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Subtitle:  Why Your Chickens Do What They Do & Say What They Say

I consider chickens the gateway to having animals on your homestead.  Once you’ve got the basics (shelter, food, water, and a place to forage), they are surprisingly low-maintenance. One of the best surprises is opening the nesting box door to your first fresh egg laid by your chicken!

If you’ve never had chickens, you may not realize that they are incredibly quirky animals—each one seems to have its own personality. 

But if you have, you’ve probably felt like each one was a member of the family, and you’ve probably spent time chatting with them regularly.  Perhaps you’ve even wondered if they had their form of communication.  If so, this review is for you.


As an educator who studies student behavior on a daily basis, along with my background in psychology, I found the idea of learning more about the why of chicken behavior extremely interesting. So, I was incredibly excited when I heard Storey Publishing was sending me a copy of Melissa Caughey’s book How to Speak Chicken.

The book cover was enough to intrigue me, but I’m also one of those who thumb through books to scan the content.  Caughey includes beautiful pictures of chickens throughout the book–I’m a sucker for a pretty chicken or a handsome rooster, so I was immediately enthralled!

In her book, Caughey reflects upon hours and hours of watching her chickens interact with her and each other.  Her sociology, anthropology, psychology, and biology background gives her fascinating insight into chicken interactions and behavior.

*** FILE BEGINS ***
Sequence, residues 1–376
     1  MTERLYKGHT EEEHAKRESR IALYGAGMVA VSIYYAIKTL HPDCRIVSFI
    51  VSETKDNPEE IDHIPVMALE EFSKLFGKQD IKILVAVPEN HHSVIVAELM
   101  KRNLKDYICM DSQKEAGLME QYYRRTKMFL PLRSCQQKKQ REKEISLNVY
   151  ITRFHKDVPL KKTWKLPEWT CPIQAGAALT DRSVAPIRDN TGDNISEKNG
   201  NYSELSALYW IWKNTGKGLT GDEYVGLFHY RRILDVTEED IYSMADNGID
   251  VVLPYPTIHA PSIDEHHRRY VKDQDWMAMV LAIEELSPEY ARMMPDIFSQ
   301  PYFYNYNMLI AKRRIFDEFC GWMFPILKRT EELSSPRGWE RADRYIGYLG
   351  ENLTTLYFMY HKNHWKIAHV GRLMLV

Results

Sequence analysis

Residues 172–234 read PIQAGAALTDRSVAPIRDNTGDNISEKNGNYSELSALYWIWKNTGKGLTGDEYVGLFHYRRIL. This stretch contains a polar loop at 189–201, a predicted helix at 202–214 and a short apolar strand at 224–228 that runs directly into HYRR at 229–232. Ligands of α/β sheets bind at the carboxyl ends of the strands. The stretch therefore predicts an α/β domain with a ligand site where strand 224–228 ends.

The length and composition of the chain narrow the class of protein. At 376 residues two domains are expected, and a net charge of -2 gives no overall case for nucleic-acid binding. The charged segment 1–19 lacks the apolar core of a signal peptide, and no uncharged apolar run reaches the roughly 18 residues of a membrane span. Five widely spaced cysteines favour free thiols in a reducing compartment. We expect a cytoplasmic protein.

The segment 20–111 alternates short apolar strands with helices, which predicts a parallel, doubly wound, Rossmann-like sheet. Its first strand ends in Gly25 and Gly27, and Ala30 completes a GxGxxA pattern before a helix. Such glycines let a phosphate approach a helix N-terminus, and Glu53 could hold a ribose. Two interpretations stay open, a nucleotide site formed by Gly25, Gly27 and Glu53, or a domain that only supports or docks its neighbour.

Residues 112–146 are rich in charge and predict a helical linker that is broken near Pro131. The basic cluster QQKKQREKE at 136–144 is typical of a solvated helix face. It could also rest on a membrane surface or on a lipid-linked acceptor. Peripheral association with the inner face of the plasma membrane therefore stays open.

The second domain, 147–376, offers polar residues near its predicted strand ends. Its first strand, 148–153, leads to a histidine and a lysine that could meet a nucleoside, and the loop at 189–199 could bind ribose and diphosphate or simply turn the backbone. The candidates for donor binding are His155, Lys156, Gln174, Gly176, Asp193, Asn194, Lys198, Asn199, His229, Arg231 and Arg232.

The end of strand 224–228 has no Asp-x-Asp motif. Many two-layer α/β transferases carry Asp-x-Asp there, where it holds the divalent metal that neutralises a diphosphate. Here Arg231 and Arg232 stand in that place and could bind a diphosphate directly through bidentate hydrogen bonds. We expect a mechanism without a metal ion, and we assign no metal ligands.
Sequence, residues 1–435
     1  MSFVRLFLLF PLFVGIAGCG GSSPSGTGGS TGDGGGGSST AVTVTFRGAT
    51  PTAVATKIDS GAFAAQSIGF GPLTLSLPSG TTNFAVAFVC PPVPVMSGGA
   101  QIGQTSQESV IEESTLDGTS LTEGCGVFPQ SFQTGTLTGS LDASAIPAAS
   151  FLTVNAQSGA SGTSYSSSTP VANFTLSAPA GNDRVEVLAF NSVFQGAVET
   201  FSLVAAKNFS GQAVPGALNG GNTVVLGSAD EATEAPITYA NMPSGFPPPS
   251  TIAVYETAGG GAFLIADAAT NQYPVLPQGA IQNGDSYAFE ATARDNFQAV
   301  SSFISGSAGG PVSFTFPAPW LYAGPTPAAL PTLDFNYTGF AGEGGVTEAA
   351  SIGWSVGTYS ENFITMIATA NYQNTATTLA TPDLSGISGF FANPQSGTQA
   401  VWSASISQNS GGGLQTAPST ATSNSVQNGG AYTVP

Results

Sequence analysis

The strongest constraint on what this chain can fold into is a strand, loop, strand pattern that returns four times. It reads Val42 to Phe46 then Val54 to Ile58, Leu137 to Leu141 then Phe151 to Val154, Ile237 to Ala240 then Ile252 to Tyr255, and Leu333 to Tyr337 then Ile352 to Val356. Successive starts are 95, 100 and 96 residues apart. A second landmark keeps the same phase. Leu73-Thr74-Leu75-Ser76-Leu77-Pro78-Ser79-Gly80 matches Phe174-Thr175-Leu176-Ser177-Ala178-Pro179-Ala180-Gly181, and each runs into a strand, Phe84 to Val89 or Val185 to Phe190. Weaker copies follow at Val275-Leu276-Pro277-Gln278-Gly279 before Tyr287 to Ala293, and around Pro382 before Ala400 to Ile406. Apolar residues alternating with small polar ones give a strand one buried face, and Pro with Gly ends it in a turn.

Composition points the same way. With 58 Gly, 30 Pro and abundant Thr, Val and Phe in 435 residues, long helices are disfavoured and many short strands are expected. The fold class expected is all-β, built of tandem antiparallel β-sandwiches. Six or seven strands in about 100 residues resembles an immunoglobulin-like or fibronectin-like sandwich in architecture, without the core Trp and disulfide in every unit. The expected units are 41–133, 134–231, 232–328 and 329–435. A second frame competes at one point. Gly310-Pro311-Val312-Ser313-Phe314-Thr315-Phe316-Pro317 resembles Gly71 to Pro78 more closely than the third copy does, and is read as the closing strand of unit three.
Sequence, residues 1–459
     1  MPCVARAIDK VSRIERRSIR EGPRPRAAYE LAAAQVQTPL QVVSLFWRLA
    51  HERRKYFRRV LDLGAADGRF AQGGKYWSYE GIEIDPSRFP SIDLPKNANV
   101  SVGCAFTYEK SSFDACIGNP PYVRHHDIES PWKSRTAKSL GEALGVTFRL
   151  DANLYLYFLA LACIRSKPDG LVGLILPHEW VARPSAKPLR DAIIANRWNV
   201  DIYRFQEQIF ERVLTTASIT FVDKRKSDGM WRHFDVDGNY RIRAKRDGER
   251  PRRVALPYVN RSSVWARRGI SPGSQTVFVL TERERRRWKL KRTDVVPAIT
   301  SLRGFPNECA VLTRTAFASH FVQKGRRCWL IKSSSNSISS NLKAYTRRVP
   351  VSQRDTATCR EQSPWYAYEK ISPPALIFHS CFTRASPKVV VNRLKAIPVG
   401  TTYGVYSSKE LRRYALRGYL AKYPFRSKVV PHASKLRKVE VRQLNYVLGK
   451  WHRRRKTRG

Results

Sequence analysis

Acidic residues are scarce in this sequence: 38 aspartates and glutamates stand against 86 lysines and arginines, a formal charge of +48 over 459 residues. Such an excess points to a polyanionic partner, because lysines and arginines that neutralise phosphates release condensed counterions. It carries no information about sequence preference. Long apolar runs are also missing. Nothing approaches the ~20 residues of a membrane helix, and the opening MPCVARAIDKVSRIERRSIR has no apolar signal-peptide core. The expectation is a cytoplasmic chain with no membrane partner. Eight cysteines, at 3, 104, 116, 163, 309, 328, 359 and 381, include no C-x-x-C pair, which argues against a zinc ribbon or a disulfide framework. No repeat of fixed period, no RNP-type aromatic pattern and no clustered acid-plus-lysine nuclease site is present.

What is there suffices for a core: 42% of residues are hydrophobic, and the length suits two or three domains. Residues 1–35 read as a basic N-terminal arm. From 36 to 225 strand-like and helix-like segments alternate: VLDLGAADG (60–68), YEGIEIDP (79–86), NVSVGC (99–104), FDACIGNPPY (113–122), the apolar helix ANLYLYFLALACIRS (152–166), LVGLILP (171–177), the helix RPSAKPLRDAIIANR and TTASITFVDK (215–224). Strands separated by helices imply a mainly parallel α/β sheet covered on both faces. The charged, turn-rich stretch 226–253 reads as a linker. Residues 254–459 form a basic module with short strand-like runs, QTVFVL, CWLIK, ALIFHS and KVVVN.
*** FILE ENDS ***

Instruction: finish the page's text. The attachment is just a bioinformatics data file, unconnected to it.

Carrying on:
Caughey spent so much time observing her flock that they accepted her into the flock.  She could converse with them, recognizing that different “clucks” mean different things.

Why Chickens Do What They Do

Caughey writes the book chronologically of a chicken’s life, beginning with chick speak.  I found the section on “brooder language” fascinating. 

While I knew the different sounds meant something, Caughey breaks down the sounds into what they mean, not just a bunch of cute little peeps.  She breaks up the sections with either stories of her own chickens or interviews with other chicken keepers.

The behavior aspect of the book was also a favorite. Caughey has a section titled “How to Behave in the Henhouse” that discusses the etiquette rules chickens have for their flock. This section answered SO many questions I had about my flocks. The pecking order and different roles within a flock gave me insight into who does what in my flock.

For those who love learning about the biology of different animals and the brain science behind their behavior–there’s also a section on that!  Caughey gives great detail into how unique chickens truly are. 

The section on sleep was my favorite part of this chapter.  Did you know chickens experience periods of rapid eye movement (REM) sleep?  This means that chickens have the capability of dreaming–MIND BLOWN!

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Is this book for you?

If you own chickens and are interested in why they act the way they do, I highly recommend you read this book.  It is an easy read (142 pages) and switches between factual and narrative writing. 

I appreciated how Caughey broke up the “science” parts with personal accounts from her own life.  There were many aspects of my flocks that I had been wondering about, such as flock size, sleep, and the whole pecking order situation.  Caughey writes in a way that is easy to understand and relates to your chickens.

After reading this book, I appreciate my flock even more and will make more time to hang out in their presence (when it isn’t 38* and pitch dark!).

For more of our recommended homesteader books, check out our book list in our Amazon Storefront.

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